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27

NCCN Guidelines for Patients

®

Adolescents and Young Adults with Cancer, Version 1.2017

What do I need to know about

fertility?

Fertility preservation is all about keeping your options

open, whether you know you want to have children

later in life or aren’t really sure at the moment.

Reproductive specialists and the members of an

oncofertility team can help you sort through what may

work for you.

Depending on the type of cancer you have and the

specialists available in your area, your oncofertility

team may include:

††

Your oncologist

who should start the

conversation about cancer-related infertility

and help you understand your risks.

††

A nurse navigator

or case manager who

will help you navigate the referral process,

coordinate the various specialists involved in

your care, and help deal with your insurance.

††

An endocrinologist/reproductive specialist

who specializes in fertility and cancer and can

explain your fertility preservation options—

including how they are done, success rates,

timing, and costs. This specialist will carry out

the fertility-sparing procedure.

††

A genetics counselor

who can assess your

risk of passing on genetic abnormalities to

your children. This is usually done within the 2

months of starting treatment.

††

A gynecologist (for women) or urologist

(for men)

to assess your risk of infertility and

guide you in addressing your fertility needs.

††

A gynecologic oncologist (for women)

who

specializes in female cancers. This is usually

a surgeon and may be the one to perform

fertility-sparing surgery, if needed.

††

A family-planning specialist

who can offer

information about many different options for

becoming a parent.

††

An adoption professional

who can provide

information and counseling on the process

of becoming an adoptive parent. This can

include criteria, timing, and costs.

††

A social worker or mental health counselor

who can give emotional support and

counseling as you consider your fertility

options.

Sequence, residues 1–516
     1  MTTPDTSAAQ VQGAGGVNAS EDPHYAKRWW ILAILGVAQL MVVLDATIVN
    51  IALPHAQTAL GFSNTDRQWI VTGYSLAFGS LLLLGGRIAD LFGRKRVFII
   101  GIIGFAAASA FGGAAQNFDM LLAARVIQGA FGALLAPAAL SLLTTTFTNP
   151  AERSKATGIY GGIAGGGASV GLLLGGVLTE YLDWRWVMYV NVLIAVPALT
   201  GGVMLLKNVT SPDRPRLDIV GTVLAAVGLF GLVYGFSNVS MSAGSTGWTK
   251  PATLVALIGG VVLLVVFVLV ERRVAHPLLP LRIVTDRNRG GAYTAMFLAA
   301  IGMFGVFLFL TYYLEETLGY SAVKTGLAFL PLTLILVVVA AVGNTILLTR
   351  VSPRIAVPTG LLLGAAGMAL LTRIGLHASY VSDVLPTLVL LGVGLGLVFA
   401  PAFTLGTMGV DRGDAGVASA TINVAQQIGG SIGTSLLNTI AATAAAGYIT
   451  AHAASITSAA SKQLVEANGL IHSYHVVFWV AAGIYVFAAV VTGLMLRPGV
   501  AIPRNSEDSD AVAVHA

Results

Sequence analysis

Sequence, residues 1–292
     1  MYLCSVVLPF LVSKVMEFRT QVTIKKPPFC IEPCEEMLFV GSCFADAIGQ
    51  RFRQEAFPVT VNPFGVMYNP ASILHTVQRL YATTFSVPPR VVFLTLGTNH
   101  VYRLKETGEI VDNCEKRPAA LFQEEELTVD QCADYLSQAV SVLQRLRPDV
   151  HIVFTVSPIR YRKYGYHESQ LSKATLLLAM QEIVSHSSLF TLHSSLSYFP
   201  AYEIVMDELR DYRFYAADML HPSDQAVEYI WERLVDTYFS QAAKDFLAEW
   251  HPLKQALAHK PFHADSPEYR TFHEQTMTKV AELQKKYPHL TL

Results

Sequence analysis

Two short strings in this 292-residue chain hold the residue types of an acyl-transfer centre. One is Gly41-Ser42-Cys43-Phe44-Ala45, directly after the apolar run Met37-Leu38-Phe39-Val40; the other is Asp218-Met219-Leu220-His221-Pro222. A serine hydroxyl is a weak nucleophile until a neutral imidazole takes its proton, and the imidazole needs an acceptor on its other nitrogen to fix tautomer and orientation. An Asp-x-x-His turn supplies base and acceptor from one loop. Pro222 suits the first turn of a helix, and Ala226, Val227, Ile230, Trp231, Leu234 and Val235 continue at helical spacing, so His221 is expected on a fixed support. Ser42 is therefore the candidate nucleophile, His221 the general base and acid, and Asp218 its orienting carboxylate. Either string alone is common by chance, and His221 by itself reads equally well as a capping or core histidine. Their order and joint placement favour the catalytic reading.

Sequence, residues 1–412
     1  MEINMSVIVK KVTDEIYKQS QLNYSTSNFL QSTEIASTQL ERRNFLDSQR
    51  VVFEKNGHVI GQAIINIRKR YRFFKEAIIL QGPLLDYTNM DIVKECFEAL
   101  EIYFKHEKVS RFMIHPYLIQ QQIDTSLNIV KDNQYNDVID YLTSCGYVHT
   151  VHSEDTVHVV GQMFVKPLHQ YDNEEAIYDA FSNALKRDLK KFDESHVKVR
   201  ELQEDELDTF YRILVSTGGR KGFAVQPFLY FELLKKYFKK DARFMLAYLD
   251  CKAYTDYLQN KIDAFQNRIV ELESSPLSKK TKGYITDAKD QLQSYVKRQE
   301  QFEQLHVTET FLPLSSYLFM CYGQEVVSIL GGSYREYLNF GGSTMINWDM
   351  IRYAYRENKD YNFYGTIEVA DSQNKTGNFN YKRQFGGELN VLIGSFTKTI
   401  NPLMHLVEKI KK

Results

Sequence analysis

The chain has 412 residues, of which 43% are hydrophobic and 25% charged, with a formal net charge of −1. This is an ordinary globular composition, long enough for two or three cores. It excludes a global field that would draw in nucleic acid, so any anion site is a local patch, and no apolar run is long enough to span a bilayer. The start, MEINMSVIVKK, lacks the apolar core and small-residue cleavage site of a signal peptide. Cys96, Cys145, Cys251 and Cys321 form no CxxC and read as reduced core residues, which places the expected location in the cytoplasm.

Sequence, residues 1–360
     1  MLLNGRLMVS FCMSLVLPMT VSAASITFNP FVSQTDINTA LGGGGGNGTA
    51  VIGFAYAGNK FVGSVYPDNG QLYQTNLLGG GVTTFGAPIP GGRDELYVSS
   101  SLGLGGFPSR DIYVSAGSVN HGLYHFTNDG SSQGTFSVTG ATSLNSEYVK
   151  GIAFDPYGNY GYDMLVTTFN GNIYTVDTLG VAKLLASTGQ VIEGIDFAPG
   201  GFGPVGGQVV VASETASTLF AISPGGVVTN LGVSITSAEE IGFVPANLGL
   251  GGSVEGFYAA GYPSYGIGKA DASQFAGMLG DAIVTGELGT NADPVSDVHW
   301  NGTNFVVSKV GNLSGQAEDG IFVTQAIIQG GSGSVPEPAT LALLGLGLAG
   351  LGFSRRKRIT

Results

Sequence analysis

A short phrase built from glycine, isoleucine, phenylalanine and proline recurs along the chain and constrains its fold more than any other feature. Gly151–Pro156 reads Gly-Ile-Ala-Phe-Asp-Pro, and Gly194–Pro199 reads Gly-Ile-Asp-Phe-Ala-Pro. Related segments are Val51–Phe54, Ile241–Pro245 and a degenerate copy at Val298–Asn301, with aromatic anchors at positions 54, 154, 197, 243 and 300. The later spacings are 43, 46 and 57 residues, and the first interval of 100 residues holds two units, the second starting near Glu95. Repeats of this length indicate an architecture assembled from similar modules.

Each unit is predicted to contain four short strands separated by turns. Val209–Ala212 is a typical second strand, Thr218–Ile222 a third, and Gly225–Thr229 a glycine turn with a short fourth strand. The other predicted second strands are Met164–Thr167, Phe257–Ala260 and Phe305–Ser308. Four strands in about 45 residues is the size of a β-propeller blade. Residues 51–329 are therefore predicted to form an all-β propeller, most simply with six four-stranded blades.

Before you make a decision about how—or if—to

preserve your fertility, you will need to think about

what you need the most when it comes to becoming

a parent. If you’re in a serious relationship, it may

help to involve your partner in this discussion. If

you’re younger and have never given much thought to

having kids, you may want to talk with your parents or

caregivers. Crucial questions to consider include:

††

Have you always wanted children?

††

How many children do you want to have? And

when?

††

How do you feel about adoption?

††

How would you feel about using donor sperm

or donor embryos?

††

How would you feel about having a surrogate

bear your child?

††

Do you have any religious or moral concerns

about technologies such as IVF

(i

n

v

itro

f

ertilization) or embryo transplantation?

You will also want to think about finances. All fertility

preservation methods have an out-of-pocket cost, and

many treatments are still being studied. You’ll need

to check with your insurance company about what

they will cover.

Fortunately, the LIVESTRONG Foundation’s Fertility

section has an information guide on Fertility &

Family Planning. It addresses things like money and

insurance. It also offers financial assistance for fertility

medication and other services for freezing embryos,

eggs, and sperm. Visit

https://www.livestrong.org/we- can-help/livestrong-fertility#

to learn more.

3

Preparing for the future

What do I need to know about fertility?